Prices for products that ‘are not worth the money’. Supervisory authorities charged with the protection of the economic interests of the public often scrutinize the price-value relation when supervising product prices. Some authorities exercise a broad mandate protecting ‘consumers’ on the basis of consumer protection law, while other authorities have a narrower mandate, focusing on ‘investors’ or ‘policy holders’ on the basis of sectorial regulation. Ultimately, they have in common that they police prices charged by companies for products using standards that compare the costs to retail customers against the benefits enjoyed by them, or more broadly, the distribution of economic surplus between companies and their customers.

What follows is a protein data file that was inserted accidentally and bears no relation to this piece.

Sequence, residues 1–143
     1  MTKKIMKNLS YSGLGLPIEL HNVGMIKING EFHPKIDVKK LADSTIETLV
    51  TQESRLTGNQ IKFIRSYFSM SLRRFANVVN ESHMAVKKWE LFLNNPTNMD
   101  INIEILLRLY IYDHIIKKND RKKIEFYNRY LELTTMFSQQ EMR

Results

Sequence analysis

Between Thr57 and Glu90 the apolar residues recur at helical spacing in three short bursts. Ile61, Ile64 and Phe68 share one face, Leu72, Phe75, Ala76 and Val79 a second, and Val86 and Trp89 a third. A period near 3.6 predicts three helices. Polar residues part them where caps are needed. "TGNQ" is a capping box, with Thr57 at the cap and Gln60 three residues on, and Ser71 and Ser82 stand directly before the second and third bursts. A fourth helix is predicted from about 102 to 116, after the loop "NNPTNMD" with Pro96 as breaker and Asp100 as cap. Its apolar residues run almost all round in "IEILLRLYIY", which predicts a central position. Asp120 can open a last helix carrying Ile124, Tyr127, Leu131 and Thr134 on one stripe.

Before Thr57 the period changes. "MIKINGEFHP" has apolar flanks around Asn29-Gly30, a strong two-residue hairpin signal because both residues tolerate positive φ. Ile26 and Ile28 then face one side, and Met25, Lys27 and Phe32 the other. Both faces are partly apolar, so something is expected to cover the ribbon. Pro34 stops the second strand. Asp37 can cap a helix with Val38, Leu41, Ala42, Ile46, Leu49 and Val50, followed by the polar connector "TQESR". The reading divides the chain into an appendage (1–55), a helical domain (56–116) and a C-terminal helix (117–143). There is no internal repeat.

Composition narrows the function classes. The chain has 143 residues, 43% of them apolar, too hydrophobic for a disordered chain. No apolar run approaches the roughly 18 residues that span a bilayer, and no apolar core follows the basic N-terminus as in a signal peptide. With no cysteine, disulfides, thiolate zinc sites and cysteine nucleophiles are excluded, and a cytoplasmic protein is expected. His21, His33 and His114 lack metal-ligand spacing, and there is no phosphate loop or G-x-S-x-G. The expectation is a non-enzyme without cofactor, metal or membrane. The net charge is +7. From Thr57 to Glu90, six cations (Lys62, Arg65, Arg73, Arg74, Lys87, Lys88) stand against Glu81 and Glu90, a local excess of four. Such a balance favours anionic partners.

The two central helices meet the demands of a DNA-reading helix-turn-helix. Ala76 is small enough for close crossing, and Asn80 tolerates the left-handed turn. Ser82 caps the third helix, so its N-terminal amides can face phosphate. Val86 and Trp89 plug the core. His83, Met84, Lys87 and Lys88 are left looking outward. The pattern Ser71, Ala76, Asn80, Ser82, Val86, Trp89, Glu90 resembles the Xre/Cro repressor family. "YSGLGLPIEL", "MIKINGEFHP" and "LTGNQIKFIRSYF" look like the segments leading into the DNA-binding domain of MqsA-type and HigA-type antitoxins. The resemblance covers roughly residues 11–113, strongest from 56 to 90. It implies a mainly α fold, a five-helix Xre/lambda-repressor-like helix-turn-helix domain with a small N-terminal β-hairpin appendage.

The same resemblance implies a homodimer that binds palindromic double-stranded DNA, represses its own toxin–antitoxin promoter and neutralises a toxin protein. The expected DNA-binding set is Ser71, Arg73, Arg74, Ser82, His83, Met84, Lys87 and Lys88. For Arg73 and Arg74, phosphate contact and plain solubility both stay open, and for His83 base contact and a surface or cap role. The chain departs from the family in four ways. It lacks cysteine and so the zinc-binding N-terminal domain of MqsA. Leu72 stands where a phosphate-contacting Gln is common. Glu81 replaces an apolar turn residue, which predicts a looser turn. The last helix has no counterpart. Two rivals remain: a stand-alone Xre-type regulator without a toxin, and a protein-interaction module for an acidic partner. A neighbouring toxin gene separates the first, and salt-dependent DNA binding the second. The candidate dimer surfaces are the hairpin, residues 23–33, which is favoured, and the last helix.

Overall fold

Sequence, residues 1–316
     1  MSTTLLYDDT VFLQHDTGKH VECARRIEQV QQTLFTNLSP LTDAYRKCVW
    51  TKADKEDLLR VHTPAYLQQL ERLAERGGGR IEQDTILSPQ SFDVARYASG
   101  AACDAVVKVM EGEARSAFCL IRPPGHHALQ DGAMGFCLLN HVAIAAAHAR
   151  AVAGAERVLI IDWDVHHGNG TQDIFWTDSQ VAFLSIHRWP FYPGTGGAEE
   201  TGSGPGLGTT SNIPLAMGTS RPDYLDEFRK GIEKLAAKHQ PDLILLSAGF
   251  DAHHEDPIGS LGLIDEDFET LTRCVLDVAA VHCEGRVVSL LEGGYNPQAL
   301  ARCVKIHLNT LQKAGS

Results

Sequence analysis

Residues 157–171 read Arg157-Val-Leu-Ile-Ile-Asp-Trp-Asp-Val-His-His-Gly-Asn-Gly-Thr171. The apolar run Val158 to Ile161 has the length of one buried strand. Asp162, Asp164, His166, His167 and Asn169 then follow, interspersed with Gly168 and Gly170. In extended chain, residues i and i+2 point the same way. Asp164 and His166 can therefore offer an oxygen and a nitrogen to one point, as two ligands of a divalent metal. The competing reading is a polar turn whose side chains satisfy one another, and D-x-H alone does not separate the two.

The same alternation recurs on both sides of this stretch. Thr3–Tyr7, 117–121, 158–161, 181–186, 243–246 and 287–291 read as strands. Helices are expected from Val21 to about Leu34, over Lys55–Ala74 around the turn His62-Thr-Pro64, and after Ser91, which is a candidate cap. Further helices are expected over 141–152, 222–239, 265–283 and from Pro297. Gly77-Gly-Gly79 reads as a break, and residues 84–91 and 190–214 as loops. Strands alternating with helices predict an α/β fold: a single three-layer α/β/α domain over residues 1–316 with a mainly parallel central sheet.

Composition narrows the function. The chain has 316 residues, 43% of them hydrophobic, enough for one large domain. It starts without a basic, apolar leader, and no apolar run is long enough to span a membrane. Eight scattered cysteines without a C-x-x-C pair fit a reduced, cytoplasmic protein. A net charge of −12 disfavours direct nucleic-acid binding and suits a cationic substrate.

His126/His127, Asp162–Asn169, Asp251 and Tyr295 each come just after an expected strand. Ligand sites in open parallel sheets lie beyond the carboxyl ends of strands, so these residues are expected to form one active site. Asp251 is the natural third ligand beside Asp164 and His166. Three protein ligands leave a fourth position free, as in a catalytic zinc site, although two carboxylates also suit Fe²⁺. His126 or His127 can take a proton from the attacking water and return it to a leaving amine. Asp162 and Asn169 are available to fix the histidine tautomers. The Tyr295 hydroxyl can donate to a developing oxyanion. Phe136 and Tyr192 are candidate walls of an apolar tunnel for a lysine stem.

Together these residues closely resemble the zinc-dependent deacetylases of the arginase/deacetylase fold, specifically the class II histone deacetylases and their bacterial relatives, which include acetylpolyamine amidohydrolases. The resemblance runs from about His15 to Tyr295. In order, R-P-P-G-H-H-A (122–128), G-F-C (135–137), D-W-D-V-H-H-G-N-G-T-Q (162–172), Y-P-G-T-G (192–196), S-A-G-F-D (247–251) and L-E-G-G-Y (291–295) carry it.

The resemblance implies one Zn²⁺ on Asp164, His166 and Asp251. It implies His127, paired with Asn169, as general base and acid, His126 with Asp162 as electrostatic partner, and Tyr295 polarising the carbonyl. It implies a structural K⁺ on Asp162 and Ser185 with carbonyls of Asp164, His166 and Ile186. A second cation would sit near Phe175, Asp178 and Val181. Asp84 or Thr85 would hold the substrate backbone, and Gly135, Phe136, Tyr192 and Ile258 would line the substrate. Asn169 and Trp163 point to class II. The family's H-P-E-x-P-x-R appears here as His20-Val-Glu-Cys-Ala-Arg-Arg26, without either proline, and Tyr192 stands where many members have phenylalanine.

This article is written by Melvin Tjon Akon, Attorney, PhD candidate and regulatory counsel